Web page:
Now its time for the beef of the deck. I choose to play eight dragons. Not only because they are cool and get the chicks, but because they are great in general and even better with this strategy. Thunderbreak Regent and Icefall Regent are as far apart as you can get (Fire/Ice), lucky they are on the same team this time. So having Thunderbreak being a threat that punishes your opponent for trying to kill him is great in this deck. The heart of this deck is a tempo deck and every life point matters. Taking Thunderbreak’s ability and being able to have that carry over to four other creatures is also very important. Thunderbreak being more aggressive his partner in crime Icefall Regent . Icefall Regent is much more controlling. In a format that is full of Mantis Rider’s and Hangerback Walkers it is important to have a answer to solve these problems. Guess what? Icefall does it and does it well. While being a 4/3 flying creature for 5 mana that is difficult to remove, this dragon also puts your opponents best creature on ice. Lots of puns during testing for this guy included Arnold as Mr. Freeze and us saying, “It’s time to chill!” mr freeze chill Last, but certainly not least, is the new toy Battle for Zendikar gave us. The Woodland Wanderer. This elemental brings a new meaning to powerful four drops. With the inclusion of all the mana dorks, this really could come down on turn three consistently as a 6/6. Having vigilance and trample, it provides you a with great blocker and also a battering ram of getting damage through. While testing this was the most powerful thing versus creature based decks. The other player has to either have a way to get rid of it, or you quickly win the game. Finally, a creature that can consistently beat up Siege Rhino is a huge perk.

Removal is important to have in any deck, but in this deck we are limited to a low number of slots due to the amount of creatures we run. For starters, I wanted a way to deal with the most powerful card in standard in my opinion, Jace, Vryn’s Prodigy. So the first thing that came to mind was Draconic Roar. I rode this card all the way to the top eight of GP San Diego with my Black/Red Dragons deck. Draconic Roar kills all of the early threats and by playing eight dragons, you also can utilize the second feature by dealing them 3 damage as well. After much testing my teammate and newly crowned hall of fame member Wily Edel advised me on playing two Jeskai Charms. The charm gives your small removal package and some diversity which is much needed. The ability to hit you opponent for 4 as an instant is great and some times needed to finish the game. However, the other two modes are also very powerful. Against faster decks in the format, life gain is very important if your on the draw. This spell is all around a solid A in my grading book. The best thing to take in to account while playing Jeskai Charm, it is impossible for your opponent to play around it. So you will often remove creature forever when you opponent sacrifices a fetch land [Note; Use mode; Put Target creature on top of its owner’s library”]. Your opponent will never expect it nor play around it. By far the weakest removal or card in the deck is Stubborn Denial. This card had mixed results in testing and we finally went with it because of the tremendous upside. So a Counterspell at one mana that only hits non-creature spells is OK at best. Now add that it only counters them if they don’t pay. Pretty mediocre right? However, the thought was that it is a protection spell for our big creatures. Having eleven creatures in the deck that trigger ferocious which turned it to be a hard counter for non-creature spells. So in conclusion, we felt like the games where we did draw this card, it made sure we closed the door on games that we were winning. Also, Stubborn Denial was very unexpected the first time we would play it in a match, which is always a good thing.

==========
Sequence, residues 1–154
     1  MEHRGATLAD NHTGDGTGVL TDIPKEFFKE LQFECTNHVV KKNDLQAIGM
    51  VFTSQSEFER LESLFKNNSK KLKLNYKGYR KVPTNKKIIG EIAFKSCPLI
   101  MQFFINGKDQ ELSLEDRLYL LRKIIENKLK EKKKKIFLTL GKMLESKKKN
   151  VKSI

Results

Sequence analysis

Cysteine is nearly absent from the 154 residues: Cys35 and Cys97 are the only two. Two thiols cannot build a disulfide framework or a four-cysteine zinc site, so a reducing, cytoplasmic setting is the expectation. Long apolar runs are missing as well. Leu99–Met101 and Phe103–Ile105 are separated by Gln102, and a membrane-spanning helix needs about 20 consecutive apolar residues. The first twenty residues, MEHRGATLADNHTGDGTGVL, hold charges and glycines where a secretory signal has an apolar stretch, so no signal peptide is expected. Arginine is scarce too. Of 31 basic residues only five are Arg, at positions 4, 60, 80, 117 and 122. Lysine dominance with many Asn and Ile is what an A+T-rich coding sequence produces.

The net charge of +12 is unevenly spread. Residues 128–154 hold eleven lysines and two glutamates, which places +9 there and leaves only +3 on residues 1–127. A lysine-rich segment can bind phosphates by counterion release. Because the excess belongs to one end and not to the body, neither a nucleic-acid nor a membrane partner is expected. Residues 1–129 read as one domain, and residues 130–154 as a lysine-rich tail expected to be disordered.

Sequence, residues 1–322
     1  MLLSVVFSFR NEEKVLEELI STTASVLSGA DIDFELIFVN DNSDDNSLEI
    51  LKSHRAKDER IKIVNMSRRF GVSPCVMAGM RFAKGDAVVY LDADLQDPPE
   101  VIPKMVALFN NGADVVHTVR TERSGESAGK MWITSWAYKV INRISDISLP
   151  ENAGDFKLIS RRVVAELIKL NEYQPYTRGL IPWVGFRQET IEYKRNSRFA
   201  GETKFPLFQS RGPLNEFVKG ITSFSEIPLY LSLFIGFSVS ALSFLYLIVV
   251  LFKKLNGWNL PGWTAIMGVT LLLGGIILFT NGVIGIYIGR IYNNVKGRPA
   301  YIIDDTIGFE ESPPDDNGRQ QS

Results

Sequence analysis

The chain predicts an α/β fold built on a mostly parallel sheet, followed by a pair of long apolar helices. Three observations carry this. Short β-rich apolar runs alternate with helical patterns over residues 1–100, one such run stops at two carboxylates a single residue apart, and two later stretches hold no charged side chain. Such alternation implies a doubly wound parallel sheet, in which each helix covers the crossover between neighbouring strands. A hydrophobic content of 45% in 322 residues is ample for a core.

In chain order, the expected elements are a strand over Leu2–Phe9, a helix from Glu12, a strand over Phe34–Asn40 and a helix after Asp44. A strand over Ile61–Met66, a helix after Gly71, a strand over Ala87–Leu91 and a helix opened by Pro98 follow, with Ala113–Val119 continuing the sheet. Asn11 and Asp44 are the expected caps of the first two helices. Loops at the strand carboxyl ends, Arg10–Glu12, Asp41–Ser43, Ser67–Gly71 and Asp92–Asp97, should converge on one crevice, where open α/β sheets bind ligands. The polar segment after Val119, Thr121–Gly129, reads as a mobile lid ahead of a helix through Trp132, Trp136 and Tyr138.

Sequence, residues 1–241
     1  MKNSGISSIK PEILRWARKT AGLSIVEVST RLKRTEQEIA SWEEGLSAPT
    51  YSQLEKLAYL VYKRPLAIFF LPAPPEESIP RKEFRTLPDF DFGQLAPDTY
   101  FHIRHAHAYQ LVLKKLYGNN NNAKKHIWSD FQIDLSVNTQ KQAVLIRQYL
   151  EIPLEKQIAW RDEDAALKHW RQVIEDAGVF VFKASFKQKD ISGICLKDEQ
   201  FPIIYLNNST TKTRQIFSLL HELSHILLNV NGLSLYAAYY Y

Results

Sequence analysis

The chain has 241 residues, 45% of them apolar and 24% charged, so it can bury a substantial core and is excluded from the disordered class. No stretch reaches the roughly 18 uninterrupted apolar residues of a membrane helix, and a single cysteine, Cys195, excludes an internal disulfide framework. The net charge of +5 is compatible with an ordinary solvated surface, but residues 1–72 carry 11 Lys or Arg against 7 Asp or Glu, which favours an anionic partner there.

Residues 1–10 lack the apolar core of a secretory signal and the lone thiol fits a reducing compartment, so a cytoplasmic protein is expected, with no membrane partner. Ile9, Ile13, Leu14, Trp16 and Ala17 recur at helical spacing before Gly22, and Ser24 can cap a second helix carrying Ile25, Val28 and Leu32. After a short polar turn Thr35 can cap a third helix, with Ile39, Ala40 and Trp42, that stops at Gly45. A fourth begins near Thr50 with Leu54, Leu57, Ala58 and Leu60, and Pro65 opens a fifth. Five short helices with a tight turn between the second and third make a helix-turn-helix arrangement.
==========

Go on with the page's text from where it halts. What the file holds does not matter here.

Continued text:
After playing Temurai at the Pro Tour this past weekend I would like to say I had a lot of fun building, brewing, and playing this deck. I suggest picking it up if you like casting huge creatures early in the game and putting your opponents in tough spots. Moving forward, I would suggest adding a Stubborn denial to the sideboard. It was great in a lot of match ups and I always wanted to draw it. Depending on the meta you are expecting will dictate other changes. For example, if I play this at GP Quebec City, I would cut the Knuckleblades because there was so much G/W and decks with Hangarbacks, that it made it tough for this savage creature to connect. Replacements could be Ashcloud Pheonix, Skyrider Elf, or even Flamewake Pheonix depending how aggressive you want to be. I liked all the cards I played in the sideboard, and felt that in every match, some of the trouble cards for the deck are sweepers like Crux of Fate and Languish which is why we have counters. Also Wingmate Roc was a bit of a pain to deal with, so make sure you have a plan for that. Lastly, make sure you follow the true Bushido code while playing this deck and turn your creatures side ways and never retreat. Also checkout my deck tech (See below) and if you have any more questions feel free to message me on Facebook or Twitter @Bigward28. ‘Till next time.

See the deck list here.